Creating Press Kits

Barbara Spagnola - Wednesday, June 03, 2015

There's no rule book on creating press kits that says what components you must include in your own media kit. Your press kits will vary based on what you're using your PR to promote and the type of venue where you'll be distributing your press kit.

What you do include is a very important decision because a press kit is an easy way to put the spotlight on you or your business. You can even think of it as your company's greatest hits compilation because you're compiling the info you want the media to know about you and your products and services into one tidy package.

The main press kits components you'll want to consider are:

Press Release
Your press kit's press release details why you've a press kit in the first place. If you've got a new product, the press kit helps introduce it. If your company is merging with another, the press kit announces it.

You can include multiple press releases in your press kit. For example, a trade show press kit might contain a company merger press release, three new product press releases and a press release announcing a new CEO.

Don't pack your press kit with more than one press release just because you can. If you're sending a press kit to an editor, you'll probably only need one press release. If you're handing out your press kit at a trade show, multiple press releases inside aren't uncommon.

Brief Letter/Table of Contents
A brief letter and/or a table of contents is especially helpful for a trade show press kit where you may have multiple types of content inside. Your letter can be addressed to the media thanking them for their interest in your company and then you can provide a summary of what's included.

Be sure to make your media contact's name and contact info clear on this page since it will be the first one the press will see. All of these elements help your content come together and feel much more organized than just some papers stuffed into a folder.

Many PR pros use press kits to announce a new product and you can include your brochure also. Brochures are especially helpful to explain your product/service outside of a simple press release.

For a trade show press kit, you can include a number of brochures that give the editor/reporter a large amount of information about your product/service. This helps them determine if they even want to cover what you're offering up for free media exposure.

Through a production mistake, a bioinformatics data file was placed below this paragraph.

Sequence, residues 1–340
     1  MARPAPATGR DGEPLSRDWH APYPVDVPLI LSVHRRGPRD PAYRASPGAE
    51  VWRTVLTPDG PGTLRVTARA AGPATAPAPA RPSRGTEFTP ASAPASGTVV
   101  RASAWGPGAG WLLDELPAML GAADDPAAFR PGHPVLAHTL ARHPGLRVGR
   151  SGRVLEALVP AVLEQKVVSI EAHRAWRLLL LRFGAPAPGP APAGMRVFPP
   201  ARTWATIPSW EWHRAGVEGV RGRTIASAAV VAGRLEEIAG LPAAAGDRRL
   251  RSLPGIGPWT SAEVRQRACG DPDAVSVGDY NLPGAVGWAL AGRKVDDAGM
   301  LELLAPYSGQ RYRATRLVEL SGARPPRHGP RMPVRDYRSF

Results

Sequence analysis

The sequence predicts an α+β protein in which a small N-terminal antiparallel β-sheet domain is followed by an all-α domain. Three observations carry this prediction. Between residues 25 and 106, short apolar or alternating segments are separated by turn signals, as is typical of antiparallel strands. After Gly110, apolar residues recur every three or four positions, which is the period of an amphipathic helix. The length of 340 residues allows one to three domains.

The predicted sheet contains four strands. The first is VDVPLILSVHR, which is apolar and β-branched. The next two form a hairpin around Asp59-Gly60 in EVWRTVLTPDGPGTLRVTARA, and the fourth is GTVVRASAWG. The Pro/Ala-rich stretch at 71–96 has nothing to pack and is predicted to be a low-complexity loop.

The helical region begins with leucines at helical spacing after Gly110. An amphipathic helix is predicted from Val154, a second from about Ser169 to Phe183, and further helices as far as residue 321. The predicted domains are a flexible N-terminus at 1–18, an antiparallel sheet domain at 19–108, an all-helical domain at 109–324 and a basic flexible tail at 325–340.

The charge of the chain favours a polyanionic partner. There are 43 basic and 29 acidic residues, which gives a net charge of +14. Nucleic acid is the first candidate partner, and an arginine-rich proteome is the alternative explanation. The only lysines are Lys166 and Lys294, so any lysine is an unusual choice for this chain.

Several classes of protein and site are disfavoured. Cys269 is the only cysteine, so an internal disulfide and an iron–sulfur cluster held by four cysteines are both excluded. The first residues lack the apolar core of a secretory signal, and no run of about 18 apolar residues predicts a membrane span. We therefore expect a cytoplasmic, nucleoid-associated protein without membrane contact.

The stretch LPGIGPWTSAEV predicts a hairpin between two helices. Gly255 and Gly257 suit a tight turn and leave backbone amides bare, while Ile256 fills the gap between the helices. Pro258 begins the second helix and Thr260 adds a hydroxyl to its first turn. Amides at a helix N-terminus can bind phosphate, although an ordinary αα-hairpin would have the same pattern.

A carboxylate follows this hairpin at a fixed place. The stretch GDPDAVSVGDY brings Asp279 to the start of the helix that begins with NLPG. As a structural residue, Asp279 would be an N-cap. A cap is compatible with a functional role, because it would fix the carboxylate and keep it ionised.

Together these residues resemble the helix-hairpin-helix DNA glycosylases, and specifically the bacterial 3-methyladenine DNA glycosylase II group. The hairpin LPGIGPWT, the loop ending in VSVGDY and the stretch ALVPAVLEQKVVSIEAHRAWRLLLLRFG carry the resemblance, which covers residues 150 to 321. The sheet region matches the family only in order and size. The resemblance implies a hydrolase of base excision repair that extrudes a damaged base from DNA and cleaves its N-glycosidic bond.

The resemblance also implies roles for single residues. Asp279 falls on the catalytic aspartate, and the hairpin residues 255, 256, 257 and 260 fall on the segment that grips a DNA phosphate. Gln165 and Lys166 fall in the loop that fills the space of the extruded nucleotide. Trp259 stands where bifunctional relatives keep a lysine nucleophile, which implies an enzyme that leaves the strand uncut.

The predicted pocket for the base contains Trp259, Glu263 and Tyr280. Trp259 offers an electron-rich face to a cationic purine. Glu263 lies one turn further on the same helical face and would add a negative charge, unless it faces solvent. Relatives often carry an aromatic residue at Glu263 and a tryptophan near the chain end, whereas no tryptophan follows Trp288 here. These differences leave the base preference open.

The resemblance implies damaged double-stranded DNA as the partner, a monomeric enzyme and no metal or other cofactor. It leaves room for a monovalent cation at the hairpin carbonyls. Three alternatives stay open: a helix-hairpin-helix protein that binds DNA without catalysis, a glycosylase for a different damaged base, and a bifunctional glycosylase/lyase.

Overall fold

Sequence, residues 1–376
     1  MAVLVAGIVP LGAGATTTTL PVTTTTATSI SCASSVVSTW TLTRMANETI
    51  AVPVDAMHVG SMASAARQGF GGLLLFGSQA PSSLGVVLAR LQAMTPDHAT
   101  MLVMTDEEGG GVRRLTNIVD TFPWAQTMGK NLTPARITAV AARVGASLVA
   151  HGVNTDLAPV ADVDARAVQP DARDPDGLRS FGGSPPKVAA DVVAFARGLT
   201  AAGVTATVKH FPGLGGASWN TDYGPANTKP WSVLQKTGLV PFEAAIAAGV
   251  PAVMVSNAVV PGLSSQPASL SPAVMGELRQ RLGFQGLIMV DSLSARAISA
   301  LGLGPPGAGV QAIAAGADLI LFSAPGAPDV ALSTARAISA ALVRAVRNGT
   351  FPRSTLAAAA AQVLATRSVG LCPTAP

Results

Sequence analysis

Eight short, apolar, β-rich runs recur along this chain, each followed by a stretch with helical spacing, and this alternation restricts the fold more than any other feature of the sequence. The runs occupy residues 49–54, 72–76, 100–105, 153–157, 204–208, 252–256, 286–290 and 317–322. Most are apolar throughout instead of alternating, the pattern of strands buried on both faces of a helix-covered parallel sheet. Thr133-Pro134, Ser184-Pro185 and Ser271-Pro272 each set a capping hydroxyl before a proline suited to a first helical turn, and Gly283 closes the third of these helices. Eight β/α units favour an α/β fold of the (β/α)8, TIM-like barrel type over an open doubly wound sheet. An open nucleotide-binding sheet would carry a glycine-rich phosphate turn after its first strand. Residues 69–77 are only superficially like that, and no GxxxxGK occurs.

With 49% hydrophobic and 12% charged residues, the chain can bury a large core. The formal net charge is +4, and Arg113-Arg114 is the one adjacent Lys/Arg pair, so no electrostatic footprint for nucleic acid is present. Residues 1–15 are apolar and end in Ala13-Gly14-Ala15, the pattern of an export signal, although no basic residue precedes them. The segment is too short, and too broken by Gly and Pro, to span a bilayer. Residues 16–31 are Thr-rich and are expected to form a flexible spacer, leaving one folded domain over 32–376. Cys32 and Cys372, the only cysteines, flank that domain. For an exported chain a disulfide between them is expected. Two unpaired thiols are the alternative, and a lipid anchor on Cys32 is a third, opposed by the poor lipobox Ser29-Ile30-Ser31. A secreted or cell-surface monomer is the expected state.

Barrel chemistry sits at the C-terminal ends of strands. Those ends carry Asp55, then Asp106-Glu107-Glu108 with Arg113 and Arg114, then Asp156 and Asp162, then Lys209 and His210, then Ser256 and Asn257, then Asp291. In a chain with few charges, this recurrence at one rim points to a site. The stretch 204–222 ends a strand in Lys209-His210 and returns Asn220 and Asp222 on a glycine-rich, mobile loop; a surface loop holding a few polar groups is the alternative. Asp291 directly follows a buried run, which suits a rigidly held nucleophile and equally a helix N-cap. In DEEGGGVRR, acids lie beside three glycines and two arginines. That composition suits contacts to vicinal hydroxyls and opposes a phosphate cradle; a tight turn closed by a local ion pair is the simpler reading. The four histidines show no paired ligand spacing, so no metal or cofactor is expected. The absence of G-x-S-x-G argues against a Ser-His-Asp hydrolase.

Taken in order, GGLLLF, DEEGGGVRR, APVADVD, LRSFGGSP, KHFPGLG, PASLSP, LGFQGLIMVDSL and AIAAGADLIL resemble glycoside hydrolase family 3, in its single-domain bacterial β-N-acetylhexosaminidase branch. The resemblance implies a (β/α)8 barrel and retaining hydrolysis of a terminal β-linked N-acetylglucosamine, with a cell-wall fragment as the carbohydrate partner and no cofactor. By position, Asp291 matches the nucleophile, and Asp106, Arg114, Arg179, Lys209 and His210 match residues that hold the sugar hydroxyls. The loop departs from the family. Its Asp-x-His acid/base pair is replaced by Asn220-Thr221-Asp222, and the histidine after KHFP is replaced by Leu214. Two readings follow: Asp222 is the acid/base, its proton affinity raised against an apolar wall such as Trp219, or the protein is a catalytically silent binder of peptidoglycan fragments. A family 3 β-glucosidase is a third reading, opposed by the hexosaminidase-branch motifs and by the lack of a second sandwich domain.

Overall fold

Product Sample
If your product is small enough, a product sample is a great addition to your press kit. This gives editors and reporters the chance to test the product out on their own.

If your product is too big and you'll be holding a demonstration at your facility, include that information so the editor/reporter can come to your location and get their hands on your products. Or if your trade show booth is having a demo, that's another great way to give a mass amount of editors and reporters from around the country a way to see your product in action.

Past Press Coverage
If you've received free media coverage, you can include a sheet that details those media outlets. Some companies like to include copies of articles written about them in their press kit. Just don't go overboard.

If you're including articles, a few pages will be more than enough content for your press kit. Determine if a simple sheet identifying these outlets instead would better serve your press kit and the editor/reporter.

Fact Sheet
A fact sheet can be a great addition to a press kit because it details features, benefits and other specific information in a way that educates the reporter or editor about your company and/or products with quick hits of info. Fact sheets can be used for product launches, press kits about new hires, news conferences and other areas where you want to give the editor key bits of facts that they may want to use word for word.